Tropical storm Rina has dissolved over the weekend, leaving the relatively tenured Philippe the sole point of focus in the Atlantic storm basin. While he is expected to strengthen into a hurricane by the end of this week, most projections keep Philippe out to sea, with a non-zero percent chance he makes landfall in Nova Scotia or Maine.

Unsurprisingly the CFTC reported a 6.8% increase in money manager net positions in WTI futures last week as speculative bettors piled on their bullish bets. While $100 oil is being shoutedfromeveryrooftop, we’ve yet to see that conviction on the charts: open interest on WTI futures is far below that of the last ~7 years.

Click here to download a PDF of today's TACenergy Market Talk.

Pivotal Week For Price Action
Market TalkFriday, Sep 29 2023

The Energy Bulls Are On The Run This Morning, Lead By Heating And Crude Oil Futures

The energy bulls are on the run this morning, lead by heating and crude oil futures. The November HO contract is trading ~7.5 cents per gallon (2.3%) higher while WTI is bumped $1.24 per barrel (1.3%) so far in pre-market trading. Their gasoline counterpart is rallying in sympathy with .3% gains to start the day.

The October contracts for both RBOB and HO expire today, and while trading action looks to be pretty tame so far, it isn’t a rare occurrence to see some big price swings on expiring contracts as traders look to close their positions. It should be noted that the only physical market pricing still pricing their product off of October futures, while the rest of the nation already switched to the November contract over the last week or so.

We’ve now got two named storms in the Atlantic, Philippe and Rina, but both aren’t expected to develop into major storms. While most models show both storms staying out to sea, the European model for weather forecasting shows there is a possibility that Philippe gets close enough to the Northeast to bring rain to the area, but not much else.

The term “$100 oil” is starting to pop up in headlines more and more mostly because WTI settled above the $90 level back on Tuesday, but partially because it’s a nice round number that’s easy to yell in debates or hear about from your father-in-law on the golf course. While the prospect of sustained high energy prices could be harmful to the economy, its important to note that the current short supply environment is voluntary. The spigot could be turned back on at any point, which could topple oil prices in short order.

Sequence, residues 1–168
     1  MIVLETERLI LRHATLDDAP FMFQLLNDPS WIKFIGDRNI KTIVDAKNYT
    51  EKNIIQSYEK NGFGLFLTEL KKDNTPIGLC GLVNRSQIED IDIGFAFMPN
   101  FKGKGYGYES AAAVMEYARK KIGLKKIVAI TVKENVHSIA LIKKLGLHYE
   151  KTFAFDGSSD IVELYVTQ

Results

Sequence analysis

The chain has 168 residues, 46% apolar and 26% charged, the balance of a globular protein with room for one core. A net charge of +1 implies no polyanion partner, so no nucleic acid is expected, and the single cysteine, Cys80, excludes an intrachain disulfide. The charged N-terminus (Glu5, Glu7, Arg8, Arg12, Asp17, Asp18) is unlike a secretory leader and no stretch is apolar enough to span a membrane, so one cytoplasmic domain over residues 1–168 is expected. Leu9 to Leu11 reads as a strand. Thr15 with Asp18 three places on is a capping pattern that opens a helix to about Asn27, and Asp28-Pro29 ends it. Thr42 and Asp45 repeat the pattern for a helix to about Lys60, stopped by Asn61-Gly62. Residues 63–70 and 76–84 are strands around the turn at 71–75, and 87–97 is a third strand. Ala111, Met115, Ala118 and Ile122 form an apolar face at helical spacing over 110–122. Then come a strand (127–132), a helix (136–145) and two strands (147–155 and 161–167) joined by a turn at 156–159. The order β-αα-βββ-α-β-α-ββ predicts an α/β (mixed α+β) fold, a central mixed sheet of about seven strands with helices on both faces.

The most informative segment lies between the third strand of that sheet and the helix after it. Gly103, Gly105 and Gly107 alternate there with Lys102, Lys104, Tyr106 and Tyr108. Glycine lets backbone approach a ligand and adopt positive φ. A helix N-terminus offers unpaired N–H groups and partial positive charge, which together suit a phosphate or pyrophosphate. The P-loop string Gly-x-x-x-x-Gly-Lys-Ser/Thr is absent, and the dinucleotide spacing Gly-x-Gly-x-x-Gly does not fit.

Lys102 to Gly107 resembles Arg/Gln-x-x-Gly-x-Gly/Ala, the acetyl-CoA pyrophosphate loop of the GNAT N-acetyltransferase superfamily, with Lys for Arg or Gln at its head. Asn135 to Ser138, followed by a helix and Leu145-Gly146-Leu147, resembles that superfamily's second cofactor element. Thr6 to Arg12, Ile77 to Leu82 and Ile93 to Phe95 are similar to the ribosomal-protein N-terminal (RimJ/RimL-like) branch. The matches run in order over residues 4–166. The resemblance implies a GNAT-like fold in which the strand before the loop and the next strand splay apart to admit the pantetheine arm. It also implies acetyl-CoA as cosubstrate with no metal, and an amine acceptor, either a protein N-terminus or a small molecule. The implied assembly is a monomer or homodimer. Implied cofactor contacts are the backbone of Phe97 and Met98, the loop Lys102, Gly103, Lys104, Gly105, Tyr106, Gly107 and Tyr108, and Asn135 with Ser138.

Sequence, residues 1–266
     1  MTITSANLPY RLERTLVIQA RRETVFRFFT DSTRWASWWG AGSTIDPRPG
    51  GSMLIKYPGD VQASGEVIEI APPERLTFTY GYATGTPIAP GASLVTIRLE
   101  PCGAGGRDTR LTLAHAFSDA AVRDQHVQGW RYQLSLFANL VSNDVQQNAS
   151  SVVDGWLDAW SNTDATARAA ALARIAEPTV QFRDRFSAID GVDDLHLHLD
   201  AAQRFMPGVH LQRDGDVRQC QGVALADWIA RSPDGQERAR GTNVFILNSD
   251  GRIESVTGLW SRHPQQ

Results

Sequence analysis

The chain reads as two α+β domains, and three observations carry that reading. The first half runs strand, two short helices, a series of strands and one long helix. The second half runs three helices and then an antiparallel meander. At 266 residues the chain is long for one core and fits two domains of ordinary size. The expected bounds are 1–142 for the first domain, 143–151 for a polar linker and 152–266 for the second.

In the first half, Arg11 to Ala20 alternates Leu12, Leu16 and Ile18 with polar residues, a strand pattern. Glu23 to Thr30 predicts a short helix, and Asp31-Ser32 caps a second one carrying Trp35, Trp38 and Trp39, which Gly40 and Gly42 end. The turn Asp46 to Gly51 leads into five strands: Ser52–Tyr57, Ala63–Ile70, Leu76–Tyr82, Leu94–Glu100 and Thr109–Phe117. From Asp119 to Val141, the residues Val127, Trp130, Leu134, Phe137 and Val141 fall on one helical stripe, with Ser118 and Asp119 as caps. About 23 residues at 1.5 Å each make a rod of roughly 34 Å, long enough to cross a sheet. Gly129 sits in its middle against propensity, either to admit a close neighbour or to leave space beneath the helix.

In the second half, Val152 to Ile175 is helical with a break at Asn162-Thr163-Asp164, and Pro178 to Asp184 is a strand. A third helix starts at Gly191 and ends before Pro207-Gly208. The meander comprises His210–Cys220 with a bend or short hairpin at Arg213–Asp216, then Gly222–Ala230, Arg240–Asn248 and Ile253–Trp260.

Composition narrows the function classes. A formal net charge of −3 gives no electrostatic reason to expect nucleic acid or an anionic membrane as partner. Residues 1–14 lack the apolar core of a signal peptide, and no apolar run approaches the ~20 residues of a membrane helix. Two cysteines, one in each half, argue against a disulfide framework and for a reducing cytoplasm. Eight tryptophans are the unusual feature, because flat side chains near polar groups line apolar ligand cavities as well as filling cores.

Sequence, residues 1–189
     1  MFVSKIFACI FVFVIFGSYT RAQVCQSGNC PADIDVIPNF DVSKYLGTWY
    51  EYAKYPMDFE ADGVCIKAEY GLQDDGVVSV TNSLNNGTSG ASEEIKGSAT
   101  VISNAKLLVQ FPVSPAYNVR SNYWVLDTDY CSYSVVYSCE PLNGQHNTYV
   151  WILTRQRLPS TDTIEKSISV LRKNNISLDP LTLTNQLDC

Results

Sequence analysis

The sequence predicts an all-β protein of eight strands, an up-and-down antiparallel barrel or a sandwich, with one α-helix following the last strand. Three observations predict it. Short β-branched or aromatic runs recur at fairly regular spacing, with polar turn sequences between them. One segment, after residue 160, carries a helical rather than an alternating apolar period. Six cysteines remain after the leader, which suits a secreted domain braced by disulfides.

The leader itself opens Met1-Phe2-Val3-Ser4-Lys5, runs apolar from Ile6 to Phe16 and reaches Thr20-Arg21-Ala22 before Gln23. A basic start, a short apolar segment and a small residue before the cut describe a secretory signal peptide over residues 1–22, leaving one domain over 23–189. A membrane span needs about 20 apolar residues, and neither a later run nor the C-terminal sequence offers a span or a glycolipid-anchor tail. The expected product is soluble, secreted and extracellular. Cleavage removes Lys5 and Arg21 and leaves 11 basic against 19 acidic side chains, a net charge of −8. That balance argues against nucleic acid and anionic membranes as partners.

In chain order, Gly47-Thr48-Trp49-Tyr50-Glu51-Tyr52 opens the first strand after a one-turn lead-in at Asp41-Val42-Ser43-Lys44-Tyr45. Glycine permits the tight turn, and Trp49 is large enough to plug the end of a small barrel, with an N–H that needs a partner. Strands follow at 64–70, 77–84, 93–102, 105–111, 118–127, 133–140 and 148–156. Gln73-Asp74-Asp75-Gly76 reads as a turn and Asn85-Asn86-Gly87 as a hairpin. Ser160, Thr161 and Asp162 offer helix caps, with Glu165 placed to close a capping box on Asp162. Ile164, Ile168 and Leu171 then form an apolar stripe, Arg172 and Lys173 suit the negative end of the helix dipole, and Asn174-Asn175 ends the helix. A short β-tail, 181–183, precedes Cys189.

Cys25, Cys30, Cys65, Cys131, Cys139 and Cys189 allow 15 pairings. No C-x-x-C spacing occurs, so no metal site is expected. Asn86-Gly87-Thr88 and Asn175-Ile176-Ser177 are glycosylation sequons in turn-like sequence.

Click here to download a PDF of today's TACenergy Market Talk.

Pivotal Week For Price Action
Market TalkThursday, Sep 28 2023

Gasoline And Crude Oil Futures Are All Trading Between .5% And .8% Lower To Start The Day

The energy complex is sagging this morning with the exception of the distillate benchmark as the prompt month trading higher by about a penny. Gasoline and crude oil futures are all trading between .5% and .8% lower to start the day, pulling back after WTI traded above $95 briefly in the overnight session.

There isn’t much in the way of news this morning with most still citing the expectation for tight global supply, inflation and interest rates, and production cuts by OPEC+.

As reported by the Department of Energy yesterday, refinery runs dropped in all PADDs, except for PADD 3, as we plug along into the fall turnaround season. Crude oil inventories drew down last week, despite lower runs and exports, and increased imports, likely due to the crude oil “adjustment” the EIA uses to reconcile any missing barrels from their calculated estimates.

Diesel remains tight in the US, particularly in PADD 5 (West Coast + Nevada, Arizona) but stockpiles are climbing back towards their 5-year seasonal range. It unsurprising to see a spike in ULSD imports to the region since both Los Angeles and San Francisco spot markets are trading at 50+ cent premiums to the NYMEX. We’ve yet to see such relief on the gasoline side of the barrel, and we likely won’t until the market switches to a higher RVP.

Click here to download a PDF of today's TACenergy Market Talk, including all charts from the Weekly DOE Report.